Published January 4, 2019
Imagine American politics as a system of binary stars, one Republican-conservative, the other Democratic-progressive. The stars are separate from each other, yet not independent. They are bound together by mutual gravity—orbiting around a common center of mass—and by their history of reciprocating opposition. Twin masses of flaming, superheated gas act to discipline one another: a system of checks and balances.
One star will be larger and dominant at any given time. But when America works as designed, the two stars are able to exchange roles, one of them shining brighter for now, then yielding to the other. From a distance, their combined light will appear to come from a single source.
Or you could think of the U.S. as a ship plunging along in stiff headwinds. It tacks back and forth, from left to right and back again, and so maintains over the years a middling course. The country goes from Democrats Roosevelt and Truman to Republican Eisenhower, back to Democrats Kennedy-Johnson, then to Republicans Nixon-Ford, to Democrat Carter, to Republicans Reagan-Bush. And so on.
Nature is full of such analogies. The farmer plants a field one year and lets it lie fallow the next. A democracy refreshes itself by alternating its political emphases. In this way, the American people remain approximately sane, and prevent themselves from becoming either totalitarian or bored. (Politics is among other things the pre-eminent form of American entertainment.)
But a binary system will break up if the two stars fly too far apart—if their mutual gravity (or, by analogy, their deeper community as a nation—Lincoln’s “mystic chords”) cannot hold them in tension. Then someone fires on Fort Sumter. That’s the tendency of things now: President Trump’s first two years have unfolded as a drama of cultural secession.
Dialogue fails. Leftist gospels of diversity and gender innovation cannot communicate with red America. An immense incompatibility—of language, sympathy and shared experience—precipitates the defiant nullifications and anarchy of Trumpism.
America once again feels like “The Adventures of Huckleberry Finn.” You remember that the book—sequel to the freckle-faced, sun-shot frolics of the Tom Sawyer version—shows the darker side: alcoholism, child abuse, murder, race hatred, blood feud, fraud, rural moronism. Twain’s 19th-century masterpiece feels fairly contemporary in the 21st. Naturally, school boards keep banning it.
At the end of the story, Huck has a choice between the genteel oppressions of Aunt Sally (big government, in effect, and the suffocations and soul-killing pieties of cultural correctness: “sivilization”) and the bracing anarchy of the Territory. Huck lights out for the Territory. Progressives opt for Aunt Sally—for the schoolmarm’s coercive niceness and the Chinese finger trap of “diversity.”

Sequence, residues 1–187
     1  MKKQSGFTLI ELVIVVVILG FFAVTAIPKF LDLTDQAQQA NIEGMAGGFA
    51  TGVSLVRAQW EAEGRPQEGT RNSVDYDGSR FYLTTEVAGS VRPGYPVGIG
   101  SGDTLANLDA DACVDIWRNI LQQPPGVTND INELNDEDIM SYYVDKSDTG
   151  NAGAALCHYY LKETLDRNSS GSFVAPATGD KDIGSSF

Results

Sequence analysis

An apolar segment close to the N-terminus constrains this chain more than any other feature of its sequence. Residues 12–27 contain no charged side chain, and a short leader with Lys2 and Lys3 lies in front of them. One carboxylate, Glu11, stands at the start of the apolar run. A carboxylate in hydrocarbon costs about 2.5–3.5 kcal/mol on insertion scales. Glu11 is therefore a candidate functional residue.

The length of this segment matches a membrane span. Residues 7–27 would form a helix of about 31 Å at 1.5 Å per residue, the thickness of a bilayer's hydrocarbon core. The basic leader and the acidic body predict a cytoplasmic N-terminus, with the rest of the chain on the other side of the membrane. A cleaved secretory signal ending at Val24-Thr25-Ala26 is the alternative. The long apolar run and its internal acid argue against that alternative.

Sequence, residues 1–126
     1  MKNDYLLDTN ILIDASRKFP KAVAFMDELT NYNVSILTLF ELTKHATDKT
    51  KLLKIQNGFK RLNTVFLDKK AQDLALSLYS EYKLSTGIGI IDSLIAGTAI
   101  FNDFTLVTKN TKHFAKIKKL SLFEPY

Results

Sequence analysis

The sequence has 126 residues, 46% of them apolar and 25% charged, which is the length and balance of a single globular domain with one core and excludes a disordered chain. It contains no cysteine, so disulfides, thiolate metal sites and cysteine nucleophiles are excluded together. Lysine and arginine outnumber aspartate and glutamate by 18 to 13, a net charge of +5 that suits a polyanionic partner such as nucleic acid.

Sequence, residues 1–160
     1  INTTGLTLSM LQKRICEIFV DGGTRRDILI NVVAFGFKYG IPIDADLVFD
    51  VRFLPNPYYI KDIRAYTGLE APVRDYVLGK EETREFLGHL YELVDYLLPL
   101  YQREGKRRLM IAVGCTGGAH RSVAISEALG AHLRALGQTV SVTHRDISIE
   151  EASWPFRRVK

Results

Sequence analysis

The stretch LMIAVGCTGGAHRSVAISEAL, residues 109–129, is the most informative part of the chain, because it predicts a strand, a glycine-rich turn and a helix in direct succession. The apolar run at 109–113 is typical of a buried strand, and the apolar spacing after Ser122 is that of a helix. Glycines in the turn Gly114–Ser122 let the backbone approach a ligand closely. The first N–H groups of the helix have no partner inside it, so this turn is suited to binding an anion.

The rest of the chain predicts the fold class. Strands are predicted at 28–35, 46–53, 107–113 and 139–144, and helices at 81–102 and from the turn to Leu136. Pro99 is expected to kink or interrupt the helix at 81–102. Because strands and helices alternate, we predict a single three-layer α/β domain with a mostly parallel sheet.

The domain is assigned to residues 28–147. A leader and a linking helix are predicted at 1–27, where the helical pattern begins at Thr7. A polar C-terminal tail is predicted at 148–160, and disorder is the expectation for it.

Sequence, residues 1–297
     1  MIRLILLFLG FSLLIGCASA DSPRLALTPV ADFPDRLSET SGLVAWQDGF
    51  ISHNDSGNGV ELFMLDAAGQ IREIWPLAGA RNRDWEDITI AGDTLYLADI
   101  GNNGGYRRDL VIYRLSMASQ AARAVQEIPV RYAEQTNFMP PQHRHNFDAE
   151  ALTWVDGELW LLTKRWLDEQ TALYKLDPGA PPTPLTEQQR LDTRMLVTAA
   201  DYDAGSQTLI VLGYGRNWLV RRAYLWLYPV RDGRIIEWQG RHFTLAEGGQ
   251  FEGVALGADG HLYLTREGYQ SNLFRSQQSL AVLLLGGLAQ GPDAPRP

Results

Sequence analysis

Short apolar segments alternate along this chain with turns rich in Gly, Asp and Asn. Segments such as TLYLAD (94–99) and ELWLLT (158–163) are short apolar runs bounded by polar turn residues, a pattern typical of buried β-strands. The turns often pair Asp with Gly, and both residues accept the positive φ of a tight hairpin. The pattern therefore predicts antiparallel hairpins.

Trumpism is the 21st century’s Territory, where anything can happen, some of it crooked and sordid, no doubt. This is where scams occur and masculinity is “toxic” and men mansplain and tell lies and fall into unmade beds with dance-hall girls but nonetheless enact a drama that feels, to them, like freedom.
Long ago, in the 1960s, the dissident young lit out for the Territory, telling themselves they were wild and free. By and by, they gained weight, turned gray and commenced to impose their cultural whims upon everyone else. The former Hucks converted U.S. universities, for example, entirely to the regime of Aunt Sally. They now preside over the worst of dogmatic petit-bourgeois correctness: hordes of diversity bureaucrats, invidious quotas, discretionary pronouns, safe spaces and other oppressions. If the Democrats do not purge Aunt Sally from their program—if they don’t manage to lure Huck, who is the real American energy, back from the Territory—then they are going to lose the 2020 election. (But we cannot look that far ahead, of course; Robert Mueller has yet to weigh in.)
Left and right, orbiting each other across talk shows and election campaigns, are imperfect variations on the common theme. The country works best when both sides are aware, at least a little, of their imperfections and acknowledge the larger civics of interdependence. America is a noisy, ever-evolving conversation about what it is and what it ought to be—questions that should remain creatively unsettled.
What worries me now is the progressives’ blindness to their own imperfections. Aunt Sally is always stiflingly right, and Huck, at his best a shrewd and deeply moral deplorable, won’t have her.
Mr. Morrow, a senior fellow at the Ethics and Public Policy Center, is a former essayist for Time.